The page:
As to the state's contention that federal and state constitutional jurisprudence would have supported disclosure of any Brady evidence irrespective of the Public Records law, and thus he could have pressed this claim in his first habeas petition filed in 1973, we first note, as set out above, Hudson's repeated futile attempts for access to exculpatory information before the trial through his motions for bill of particulars and his "Motion for Oyer." Further, the state asserts that the Louisiana trial court had the power to order the production of such evidence. But Hudson made many unsuccessful pleas to the state court. Finally, as to the specific claim that Wilson's initial identification of another suspect and his subsequent arrest could have been ferreted out by Hudson runs into Hudson's poignant contention that he "is not clairvoyant."
We conclude that Hudson has successfully met McCleskey's cause requirement. Regardless of the diligence and reasonableness Hudson utilized in his prior habeas petitions, "external impediment[s]" existed. McCleskey, ___ U.S. at ___, 111 S.Ct. at 1472. Crucial factors external to his defense, "the reasonable unavailability of the factual basis for the claim" as well as "government interference" (by the state's nonfeasance), prevented him from discovering the claim he now raises.
C. Showing of Prejudice
The state never reached the prejudice inquiry, McCleskey's second requirement. According to the state, Hudson lacked cause for its failure to raise the nondisclosure claim in his three prior federal habeas petitions. So under McCleskey, it contends that we need not consider whether Hudson would be prejudiced by his inability to raise the alleged disclosure violation at such a late date. Since we find that Hudson has demonstrated sufficient cause, we must remand to the district court to consider prejudice.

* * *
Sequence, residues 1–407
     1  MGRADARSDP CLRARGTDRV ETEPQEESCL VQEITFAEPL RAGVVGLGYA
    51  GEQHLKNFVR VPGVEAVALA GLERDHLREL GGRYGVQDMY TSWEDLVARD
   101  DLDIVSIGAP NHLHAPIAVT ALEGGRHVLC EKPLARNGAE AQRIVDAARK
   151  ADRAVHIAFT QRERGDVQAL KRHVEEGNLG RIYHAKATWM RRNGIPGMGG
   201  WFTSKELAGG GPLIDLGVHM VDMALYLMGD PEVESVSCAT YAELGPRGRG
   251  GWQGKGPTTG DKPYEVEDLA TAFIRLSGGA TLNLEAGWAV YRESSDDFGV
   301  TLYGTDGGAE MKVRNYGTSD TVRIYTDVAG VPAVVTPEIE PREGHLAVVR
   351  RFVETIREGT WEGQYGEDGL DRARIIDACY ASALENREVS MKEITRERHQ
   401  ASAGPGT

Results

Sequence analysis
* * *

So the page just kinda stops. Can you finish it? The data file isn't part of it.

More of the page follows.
The district court alternatively ruled that absent the applicability of Rule 9(b), Hudson's grounds for relief were meritless. In its determination, the district court conceded that the information concerning Wilson's prior identification of Larry Jones should have been disclosed since it bore on Wilson's credibility and ability to identify Hudson. Nonetheless, it concluded that the information was not sufficiently material under Bagley, and would not have changed the trial's outcome.
To establish that evidence falls within the purview of Brady, a petitioner must establish that the evidence was (1) suppressed, (2) favorable, and (3) material. Cordova v. Collins, 953 F.2d 167, 171 (5th Cir. 1992). Brady's third factor, materiality, may now be impacted by the heightened awareness of the prejudice issue emphasized by McCleskey. McCleskey is procedural only, but a finding of prejudice under it makes it at least more difficult to find lack of materiality under Bagley, although we recognize that the two evaluations are not identical. Inasmuch as the district court did not have the benefit of McCleskey when it ruled, we remand its decision on the merits as well.